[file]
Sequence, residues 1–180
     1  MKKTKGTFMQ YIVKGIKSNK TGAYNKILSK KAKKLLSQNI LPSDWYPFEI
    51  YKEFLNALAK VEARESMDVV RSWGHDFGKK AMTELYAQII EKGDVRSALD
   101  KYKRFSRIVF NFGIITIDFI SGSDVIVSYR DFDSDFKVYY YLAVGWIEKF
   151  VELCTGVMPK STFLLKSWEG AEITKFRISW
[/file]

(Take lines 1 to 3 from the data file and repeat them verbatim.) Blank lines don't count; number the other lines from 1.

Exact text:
Sequence, residues 1–180
     1  MKKTKGTFMQ YIVKGIKSNK TGAYNKILSK KAKKLLSQNI LPSDWYPFEI
    51  YKEFLNALAK VEARESMDVV RSWGHDFGKK AMTELYAQII EKGDVRSALD